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US Trained Colombian Army Murders 3 Labor Leaders

Killings of labor leaders by army underscores human rights concerns


BOGOTA, Colombia (AP) -- Three labor leaders killed in what an army commander claimed was a gunbattle were instead murdered by soldiers, Colombian prosecutors said in a case highlighting U.S. concerns over Colombia's human rights record.

Jorge Prieto, Leonel Goyeneche and Hector Alirio Martinez were shot down in northeast Colombia's Arauca region on August 5.

Afterward, the acting commander of the army's U.S.-trained 18th Brigade, Col. Jairo Roman Mejia, said the three were Marxist guerrillas who died in a shootout with the military.

Late Monday, the attorney general's office disputed Mejia's version and issued arrest warrants for three 18th Brigade soldiers for homicide.

"There was no gunfight," Deputy Attorney General Alberto Santana said Tuesday.

Vice President Francisco Santos, President Alvaro Uribe's point man for human rights issues, suggested after the killings that the three union leaders were involved in rebel activity. On Tuesday, he acknowledged his error.

"Yes, we were wrong," Santos told reporters. "When these incidents happen, you call the commanders to find out what happened, you listen to what the people on the ground are saying ... and I, as vice president, have to pass this on to the public."

The case came days after Secretary of State Colin Powell warned the hard-line Uribe that he must crack down on abuses committed by troops and police, or Colombia would risk losing part of Washington's huge aid package.

U.S. Special Forces trained the 18th Brigade in counterinsurgency tactics to protect an oil pipeline and an oil field owned by Los Angeles-based Occidental Petroleum from rebel attacks.

It was not immediately clear if the three accused soldiers were among those who received the training.

At stake for Colombia is about $32 million, or 12 percent of U.S. aid to Colombia's armed forces for 2005.

Each year, the U.S. State Department releases this money only after certifying the government has met human rights criteria.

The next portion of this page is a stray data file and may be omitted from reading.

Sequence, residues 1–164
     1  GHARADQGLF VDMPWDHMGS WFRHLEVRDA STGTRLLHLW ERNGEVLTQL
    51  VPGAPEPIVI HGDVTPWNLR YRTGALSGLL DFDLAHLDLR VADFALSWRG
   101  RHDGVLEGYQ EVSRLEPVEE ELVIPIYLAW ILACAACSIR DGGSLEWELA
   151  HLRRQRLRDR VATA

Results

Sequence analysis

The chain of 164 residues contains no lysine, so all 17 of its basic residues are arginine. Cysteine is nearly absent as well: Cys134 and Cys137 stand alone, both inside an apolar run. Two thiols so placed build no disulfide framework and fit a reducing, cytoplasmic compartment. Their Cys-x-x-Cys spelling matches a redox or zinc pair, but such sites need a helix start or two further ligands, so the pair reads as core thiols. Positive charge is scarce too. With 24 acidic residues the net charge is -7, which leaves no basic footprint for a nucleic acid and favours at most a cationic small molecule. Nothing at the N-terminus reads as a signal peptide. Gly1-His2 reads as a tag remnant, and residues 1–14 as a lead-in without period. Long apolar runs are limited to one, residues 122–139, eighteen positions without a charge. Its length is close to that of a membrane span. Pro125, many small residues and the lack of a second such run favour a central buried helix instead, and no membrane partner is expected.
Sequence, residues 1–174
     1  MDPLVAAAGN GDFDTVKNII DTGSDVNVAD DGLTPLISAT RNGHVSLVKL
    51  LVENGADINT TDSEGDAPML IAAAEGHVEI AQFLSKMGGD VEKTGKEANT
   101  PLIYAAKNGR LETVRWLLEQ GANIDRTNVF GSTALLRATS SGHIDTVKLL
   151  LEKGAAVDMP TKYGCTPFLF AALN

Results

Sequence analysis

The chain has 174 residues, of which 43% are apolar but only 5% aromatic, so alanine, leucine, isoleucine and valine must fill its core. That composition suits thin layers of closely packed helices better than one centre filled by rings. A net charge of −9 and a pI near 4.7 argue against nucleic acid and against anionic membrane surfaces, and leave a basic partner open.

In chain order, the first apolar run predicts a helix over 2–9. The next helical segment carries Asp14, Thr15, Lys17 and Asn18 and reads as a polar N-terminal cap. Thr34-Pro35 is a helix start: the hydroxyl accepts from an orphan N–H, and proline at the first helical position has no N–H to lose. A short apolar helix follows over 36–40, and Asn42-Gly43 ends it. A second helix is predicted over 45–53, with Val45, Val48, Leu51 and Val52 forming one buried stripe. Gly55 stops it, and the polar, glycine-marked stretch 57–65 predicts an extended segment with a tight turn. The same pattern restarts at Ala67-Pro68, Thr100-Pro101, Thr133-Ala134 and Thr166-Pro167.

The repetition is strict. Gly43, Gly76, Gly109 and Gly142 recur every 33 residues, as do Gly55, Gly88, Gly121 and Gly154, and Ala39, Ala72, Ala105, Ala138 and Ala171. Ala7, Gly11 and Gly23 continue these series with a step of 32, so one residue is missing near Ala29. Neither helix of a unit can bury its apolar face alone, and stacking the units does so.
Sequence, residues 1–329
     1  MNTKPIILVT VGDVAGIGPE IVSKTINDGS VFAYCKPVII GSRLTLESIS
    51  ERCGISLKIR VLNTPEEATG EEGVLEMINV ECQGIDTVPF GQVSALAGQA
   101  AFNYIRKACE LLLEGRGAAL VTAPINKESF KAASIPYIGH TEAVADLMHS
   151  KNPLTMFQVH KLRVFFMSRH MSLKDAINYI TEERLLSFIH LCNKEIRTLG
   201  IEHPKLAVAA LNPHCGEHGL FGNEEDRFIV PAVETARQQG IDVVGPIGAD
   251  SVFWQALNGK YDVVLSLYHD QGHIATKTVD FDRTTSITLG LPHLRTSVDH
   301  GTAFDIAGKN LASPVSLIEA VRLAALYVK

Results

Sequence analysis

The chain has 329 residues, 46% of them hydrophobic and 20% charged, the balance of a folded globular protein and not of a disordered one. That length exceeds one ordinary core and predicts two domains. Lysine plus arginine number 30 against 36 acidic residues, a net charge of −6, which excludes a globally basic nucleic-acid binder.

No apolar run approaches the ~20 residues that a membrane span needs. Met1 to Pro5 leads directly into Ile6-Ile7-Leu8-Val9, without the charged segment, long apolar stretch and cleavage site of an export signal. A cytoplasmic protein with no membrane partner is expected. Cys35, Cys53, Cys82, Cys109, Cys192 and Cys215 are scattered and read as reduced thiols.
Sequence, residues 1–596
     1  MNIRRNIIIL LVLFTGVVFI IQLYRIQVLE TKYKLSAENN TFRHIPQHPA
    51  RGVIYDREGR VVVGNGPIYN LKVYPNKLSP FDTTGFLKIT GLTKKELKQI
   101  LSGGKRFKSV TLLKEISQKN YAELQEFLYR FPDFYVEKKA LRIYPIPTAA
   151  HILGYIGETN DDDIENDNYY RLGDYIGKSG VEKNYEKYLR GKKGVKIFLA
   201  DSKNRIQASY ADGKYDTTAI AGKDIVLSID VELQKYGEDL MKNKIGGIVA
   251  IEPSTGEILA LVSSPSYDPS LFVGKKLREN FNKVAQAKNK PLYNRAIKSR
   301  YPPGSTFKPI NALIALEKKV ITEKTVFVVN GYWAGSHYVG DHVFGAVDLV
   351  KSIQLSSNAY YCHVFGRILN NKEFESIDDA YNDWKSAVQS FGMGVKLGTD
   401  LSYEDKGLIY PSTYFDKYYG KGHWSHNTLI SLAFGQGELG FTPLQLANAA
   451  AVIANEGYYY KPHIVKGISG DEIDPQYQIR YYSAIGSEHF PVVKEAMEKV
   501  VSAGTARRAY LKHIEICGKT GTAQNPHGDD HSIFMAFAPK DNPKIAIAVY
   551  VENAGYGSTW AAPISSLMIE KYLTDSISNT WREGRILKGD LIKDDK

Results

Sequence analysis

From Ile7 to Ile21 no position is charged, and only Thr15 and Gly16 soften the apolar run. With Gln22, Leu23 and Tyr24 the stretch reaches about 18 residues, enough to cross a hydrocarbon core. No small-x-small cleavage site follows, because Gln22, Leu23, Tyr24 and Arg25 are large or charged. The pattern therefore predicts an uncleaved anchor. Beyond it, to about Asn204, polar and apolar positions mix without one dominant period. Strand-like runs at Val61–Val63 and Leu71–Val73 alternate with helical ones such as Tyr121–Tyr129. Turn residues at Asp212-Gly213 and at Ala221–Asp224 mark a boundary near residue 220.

In all, Washington planned to provide Colombia with $573 million in 2005, about half of that for the armed forces, which are fighting a leftist insurgency fueled by drug trafficking.

The Colombian prosecutors' response could help keep the pipeline flowing, showing they were bent on resolving the case and bringing the killers to justice, one expert said.

"It was a rapid response by the prosecutor's office, and it's good that they moved on it," said Adam Isacson, an analyst with the Center for International Policy in Washington.

How the case is handled from this point on could prove critical.

The three accused soldiers, including a second lieutenant, were still free Tuesday afternoon because 18th Brigade commanders have not received the arrest orders, an army official at brigade headquarters said in a telephone interview.

Defense Minister Jorge Alberto Uribe and Gen. Carlos Alberto Ospina, chief of the Colombian armed forces, both underscored Tuesday that the three accused soldiers are considered innocent until proven guilty.

Meanwhile, the Uribe administration is trying to push through an antiterrorism bill that would give the military and police sweeping powers to search homes, tap phones and detain suspected terrorists without a warrant for up to 36 hours. Critics charge it will open the door to more abuses.